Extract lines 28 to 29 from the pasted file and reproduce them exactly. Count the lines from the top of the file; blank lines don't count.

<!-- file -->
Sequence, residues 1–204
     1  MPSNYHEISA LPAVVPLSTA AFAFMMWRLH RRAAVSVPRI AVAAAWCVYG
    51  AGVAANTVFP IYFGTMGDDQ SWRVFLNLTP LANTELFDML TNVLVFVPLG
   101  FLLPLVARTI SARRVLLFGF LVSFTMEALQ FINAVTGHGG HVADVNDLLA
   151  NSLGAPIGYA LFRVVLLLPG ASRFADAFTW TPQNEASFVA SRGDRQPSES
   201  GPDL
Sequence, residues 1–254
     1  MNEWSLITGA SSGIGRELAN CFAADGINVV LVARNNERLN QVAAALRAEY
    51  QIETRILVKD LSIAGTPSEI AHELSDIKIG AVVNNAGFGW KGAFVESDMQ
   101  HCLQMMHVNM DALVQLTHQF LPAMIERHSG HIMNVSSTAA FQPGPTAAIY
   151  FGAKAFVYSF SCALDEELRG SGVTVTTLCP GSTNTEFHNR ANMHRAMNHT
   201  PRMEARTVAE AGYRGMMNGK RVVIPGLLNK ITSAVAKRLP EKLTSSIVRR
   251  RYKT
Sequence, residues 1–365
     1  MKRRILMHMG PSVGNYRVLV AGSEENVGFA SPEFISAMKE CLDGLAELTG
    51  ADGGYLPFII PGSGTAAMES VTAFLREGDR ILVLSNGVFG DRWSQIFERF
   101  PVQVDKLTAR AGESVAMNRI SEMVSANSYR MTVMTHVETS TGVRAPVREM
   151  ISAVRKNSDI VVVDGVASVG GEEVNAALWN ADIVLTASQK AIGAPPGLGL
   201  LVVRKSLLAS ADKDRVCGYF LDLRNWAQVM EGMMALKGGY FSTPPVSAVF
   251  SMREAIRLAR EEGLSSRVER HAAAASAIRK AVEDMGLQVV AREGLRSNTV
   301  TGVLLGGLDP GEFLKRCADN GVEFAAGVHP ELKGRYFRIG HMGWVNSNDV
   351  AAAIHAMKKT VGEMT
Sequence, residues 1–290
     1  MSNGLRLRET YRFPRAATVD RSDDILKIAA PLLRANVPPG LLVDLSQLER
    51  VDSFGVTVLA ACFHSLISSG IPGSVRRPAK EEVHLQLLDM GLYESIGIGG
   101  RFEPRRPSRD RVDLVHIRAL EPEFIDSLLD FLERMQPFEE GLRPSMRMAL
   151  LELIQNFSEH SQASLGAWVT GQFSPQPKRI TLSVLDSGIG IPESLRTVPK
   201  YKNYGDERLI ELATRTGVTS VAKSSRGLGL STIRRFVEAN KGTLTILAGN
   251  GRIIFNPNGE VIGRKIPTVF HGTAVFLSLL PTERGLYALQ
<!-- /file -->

   201  YKNYGDERLI ELATRTGVTS VAKSSRGLGL STIRRFVEAN KGTLTILAGN
   251  GRIIFNPNGE VIGRKIPTVF HGTAVFLSLL PTERGLYALQ